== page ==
Stephen Gardner: Think of what is my best investment. That deserves the majority of my time. And then as this thing is building money and working, then I've got to shift that money away. And that's really important because human tendency is if we have access to something, we usually spend it or we find a reason to reinvest in the business or one more piece of equipment to buy that may or may not work out. Well, you've probably seen this. The doctors that make focusing on their practice as their best investment, they're the ones that do really well. And you've probably seen people that try to be a professional investor while running a medical practice just absolutely flop in the investment world. You rub shoulders with a lot of people and you've lived through this for the last couple of decades. So you know, you, you've probably seen what I'm saying in your own life and with colleagues.
Dr. Kelly Henry: I really appreciate your honesty and we've talked about this several times, about the business being your greatest investment and I completely agree. And to lose sight of that for one thing, instead of working on it, building up, creating more, a bigger business to create more income and then do some investing that is going to, like you said, be consistent, not a dramatic gain in a short amount of time, is to be consistent and gain over time and being patient and actually doing what investing should be do with compound interest over time and have a game plan, you know, five, 10, 20, 30 years down the road. So I really appreciate your insight. and acknowledging that for doctors in particular and like we just talked about for Chiropractors, dispelling the myth that chiropractors are bad investors. So thank you for doing that.
Stephen Gardner: Oh yeah, absolutely. I mean, as you were just saying that I did kind of think that this is an original quote, but this is something that I think about, so I'll just claim it as original cause I don't have a source for it. But, um, I have to come into my business every day and just remind myself that "I am my greatest asset". Like I believe I'm my greatest asset. I'm the one that runs the business. I'm the one that interfaces with the clients. I'm the one that builds that trust and then keeps that trust and provides value and that leads to referrals and more clients and, uh, a successful business. And so I think, you know, I think all, all chiropractors would do well to start each day with just reminding themselves that, uh, I am my own greatest asset and my business is my greatest investment and then go to work, you know, make it a great day with, with your patients. And, uh, but you know, we need to, we need to remind ourselves as a chiropractors and business owners that we, we are indeed our greatest asset and that's another quote that I would just throw out there is just to remind yourself of that regularly.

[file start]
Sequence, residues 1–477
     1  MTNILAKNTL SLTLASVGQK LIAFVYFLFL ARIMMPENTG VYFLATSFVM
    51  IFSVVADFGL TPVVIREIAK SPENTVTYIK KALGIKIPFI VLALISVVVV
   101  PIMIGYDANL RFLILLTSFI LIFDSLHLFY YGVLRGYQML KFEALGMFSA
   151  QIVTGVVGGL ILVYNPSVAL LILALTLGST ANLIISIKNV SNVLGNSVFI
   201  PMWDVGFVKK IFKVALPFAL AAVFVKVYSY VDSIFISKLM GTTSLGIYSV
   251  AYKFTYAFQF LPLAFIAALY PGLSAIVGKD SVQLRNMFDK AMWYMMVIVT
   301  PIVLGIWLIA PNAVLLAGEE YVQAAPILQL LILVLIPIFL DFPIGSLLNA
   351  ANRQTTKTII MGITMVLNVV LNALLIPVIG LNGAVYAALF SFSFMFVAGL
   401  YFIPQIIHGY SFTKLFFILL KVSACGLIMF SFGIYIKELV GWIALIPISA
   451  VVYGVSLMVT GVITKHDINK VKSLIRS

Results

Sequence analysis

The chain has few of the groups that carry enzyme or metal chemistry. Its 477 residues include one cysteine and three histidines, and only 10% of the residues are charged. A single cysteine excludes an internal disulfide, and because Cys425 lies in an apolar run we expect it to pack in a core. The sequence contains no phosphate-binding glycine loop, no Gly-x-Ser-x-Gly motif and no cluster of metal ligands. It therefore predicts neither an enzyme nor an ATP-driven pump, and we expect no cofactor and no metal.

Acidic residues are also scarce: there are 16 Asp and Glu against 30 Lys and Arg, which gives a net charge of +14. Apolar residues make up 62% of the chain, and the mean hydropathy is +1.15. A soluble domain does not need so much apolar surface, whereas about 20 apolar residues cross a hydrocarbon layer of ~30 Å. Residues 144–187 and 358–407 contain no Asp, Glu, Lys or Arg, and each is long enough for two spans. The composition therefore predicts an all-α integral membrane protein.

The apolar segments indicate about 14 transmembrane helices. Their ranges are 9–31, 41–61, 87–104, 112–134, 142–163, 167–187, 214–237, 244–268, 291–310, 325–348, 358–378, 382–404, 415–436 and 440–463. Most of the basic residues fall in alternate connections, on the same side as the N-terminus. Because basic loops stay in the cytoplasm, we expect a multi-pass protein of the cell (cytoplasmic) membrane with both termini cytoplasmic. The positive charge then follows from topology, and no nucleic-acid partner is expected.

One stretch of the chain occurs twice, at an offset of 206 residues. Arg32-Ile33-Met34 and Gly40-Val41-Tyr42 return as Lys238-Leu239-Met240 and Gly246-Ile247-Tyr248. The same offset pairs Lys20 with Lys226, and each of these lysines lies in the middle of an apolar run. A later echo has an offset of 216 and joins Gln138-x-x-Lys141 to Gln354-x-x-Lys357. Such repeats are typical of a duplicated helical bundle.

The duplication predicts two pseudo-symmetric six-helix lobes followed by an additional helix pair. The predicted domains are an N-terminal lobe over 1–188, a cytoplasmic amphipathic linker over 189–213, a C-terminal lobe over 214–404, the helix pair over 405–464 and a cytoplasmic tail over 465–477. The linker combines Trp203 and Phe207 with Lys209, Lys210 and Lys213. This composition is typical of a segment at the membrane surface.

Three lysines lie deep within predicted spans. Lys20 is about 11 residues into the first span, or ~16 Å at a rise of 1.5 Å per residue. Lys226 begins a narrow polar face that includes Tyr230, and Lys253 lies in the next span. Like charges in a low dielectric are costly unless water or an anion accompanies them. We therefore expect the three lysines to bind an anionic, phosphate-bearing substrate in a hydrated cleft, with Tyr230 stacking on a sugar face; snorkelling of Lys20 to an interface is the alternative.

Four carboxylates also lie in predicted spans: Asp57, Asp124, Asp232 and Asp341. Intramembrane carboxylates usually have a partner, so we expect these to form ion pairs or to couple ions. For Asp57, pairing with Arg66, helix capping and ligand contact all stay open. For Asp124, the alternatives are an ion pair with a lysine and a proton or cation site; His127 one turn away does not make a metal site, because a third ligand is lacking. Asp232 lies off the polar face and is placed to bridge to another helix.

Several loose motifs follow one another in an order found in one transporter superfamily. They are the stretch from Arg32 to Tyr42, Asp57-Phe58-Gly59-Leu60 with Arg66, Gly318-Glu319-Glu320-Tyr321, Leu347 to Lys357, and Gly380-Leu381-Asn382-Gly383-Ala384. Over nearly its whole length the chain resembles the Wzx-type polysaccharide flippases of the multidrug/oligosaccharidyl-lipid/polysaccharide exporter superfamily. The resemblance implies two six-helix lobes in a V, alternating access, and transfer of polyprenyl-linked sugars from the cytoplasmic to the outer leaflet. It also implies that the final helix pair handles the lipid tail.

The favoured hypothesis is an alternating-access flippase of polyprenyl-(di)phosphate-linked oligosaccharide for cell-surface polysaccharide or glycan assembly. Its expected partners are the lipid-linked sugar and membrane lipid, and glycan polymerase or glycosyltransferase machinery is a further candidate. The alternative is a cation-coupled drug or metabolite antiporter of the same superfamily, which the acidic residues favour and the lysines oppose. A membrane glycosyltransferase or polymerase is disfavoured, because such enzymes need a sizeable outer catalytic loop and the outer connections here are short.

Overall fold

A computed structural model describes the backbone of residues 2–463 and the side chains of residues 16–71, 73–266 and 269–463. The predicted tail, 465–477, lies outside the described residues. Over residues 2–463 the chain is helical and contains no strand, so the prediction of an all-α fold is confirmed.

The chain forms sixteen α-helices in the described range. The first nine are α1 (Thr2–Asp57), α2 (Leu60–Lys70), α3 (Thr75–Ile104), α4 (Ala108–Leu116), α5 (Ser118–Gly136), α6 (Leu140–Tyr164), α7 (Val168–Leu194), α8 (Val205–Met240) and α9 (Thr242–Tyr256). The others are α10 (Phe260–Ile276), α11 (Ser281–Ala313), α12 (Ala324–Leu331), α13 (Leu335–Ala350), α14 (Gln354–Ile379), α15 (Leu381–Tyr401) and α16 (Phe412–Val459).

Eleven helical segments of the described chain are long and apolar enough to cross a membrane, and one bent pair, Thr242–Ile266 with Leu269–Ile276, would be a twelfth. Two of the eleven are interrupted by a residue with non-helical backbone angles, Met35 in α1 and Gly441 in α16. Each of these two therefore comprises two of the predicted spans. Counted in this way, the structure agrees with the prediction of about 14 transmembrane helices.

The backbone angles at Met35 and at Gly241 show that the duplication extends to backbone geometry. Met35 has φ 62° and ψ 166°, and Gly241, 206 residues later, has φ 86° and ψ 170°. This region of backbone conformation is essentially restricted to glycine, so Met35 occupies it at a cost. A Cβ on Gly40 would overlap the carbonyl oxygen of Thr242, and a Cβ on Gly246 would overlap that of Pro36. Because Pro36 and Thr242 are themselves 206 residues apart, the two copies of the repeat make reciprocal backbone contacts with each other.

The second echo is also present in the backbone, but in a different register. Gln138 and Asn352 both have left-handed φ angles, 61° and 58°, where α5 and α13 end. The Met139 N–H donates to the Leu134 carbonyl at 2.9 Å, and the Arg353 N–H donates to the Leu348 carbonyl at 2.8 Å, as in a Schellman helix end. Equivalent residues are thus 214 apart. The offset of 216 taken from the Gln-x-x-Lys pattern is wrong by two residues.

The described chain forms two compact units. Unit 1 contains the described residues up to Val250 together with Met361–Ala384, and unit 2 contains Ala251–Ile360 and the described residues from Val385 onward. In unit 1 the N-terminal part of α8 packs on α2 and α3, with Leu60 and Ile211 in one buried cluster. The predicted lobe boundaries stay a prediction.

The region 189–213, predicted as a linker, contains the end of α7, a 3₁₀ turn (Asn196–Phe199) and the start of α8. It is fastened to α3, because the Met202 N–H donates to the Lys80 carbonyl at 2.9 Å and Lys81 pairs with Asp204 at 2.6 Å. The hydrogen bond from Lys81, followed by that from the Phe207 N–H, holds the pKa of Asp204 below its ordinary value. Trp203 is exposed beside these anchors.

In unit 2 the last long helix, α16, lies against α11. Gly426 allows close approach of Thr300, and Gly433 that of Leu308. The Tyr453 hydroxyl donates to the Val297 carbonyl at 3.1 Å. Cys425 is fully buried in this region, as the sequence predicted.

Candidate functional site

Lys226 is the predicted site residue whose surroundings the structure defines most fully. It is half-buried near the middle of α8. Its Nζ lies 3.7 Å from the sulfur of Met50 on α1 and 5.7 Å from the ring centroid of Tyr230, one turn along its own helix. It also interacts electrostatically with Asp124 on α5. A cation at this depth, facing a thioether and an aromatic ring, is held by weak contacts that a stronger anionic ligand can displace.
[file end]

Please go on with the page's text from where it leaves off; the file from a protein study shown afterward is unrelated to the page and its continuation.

Dr. Kelly Henry: Tremendous advice. Thank you for that. So then you've already given a lot of advice, but if you could, if you could narrow a piece of advice down. What's the best piece of advice you could give a new chiropractor on investing. What would you, what would you tell them?
Stephen Gardner: Yeah, good question. Good question. Um, I would, I would say start saving as early as you can. Just to get into the habit. Give yourself a portion of all you earn as quickly as you can. Even if it's not a lot, just start that habit of saving early and regularly and that will compound and build over time. The other thing I would say is, make sure that you are very cautious of what you're paying in fees. People get fee'd to death and don't realize it.
Dr. Kelly Henry: Maybe that should be one of your original quotes.
Stephen Gardner: Yeah, that's in my book Doctor Your Retirement. Just be cautious of getting fee'd to death because, you know, most people don't realize that. Like I was talking to a chiropractor, uh, just last week and, uh, he's totally getting ripped off.
Stephen Gardner: He's inside of a program that has over a 2% annual fee. And he said, well, that doesn't seem very high. And I said, okay, well think about this. Let, let's say that, uh, let's say that you have $100,000 and it earns 5% for the year, and then you have a fee of 2%, right? They're going to take $2,100 of the $5,000 increase because with those management fees, you're paying on the growth every year. And on the principal every year. People don't realize that, that they pay on the principal every single year. And so if you take $2,100 and divided into the $5,000 growth, they took 42% of the money they earned for you. So you put up 100% of the money. You took on 100% of the risk, and they took a huge portion of the gain. So be very cautious of those fees. The other thing is market loss.
Stephen Gardner: Just be very, very careful. People don't realize how damaging losing is. And you know, many of the programs that we work with, they've consistently brought back 5% to 8% for people. It's very easy to look at the market and go, oh, well I don't want to miss out on this 10% gain or this 12% gain or this 20% gain, but they 100% want to miss out on the 10% loss that we just had this last year. They want to miss out on the 38% loss that we had in 2008. They want to miss out on the three years of double digit losses that we had in 2000, 2001 and 2002. But they're not in programs that will do that. And, uh, so we have to be a very, very cautious of market loss because it just takes so long to get back to break even.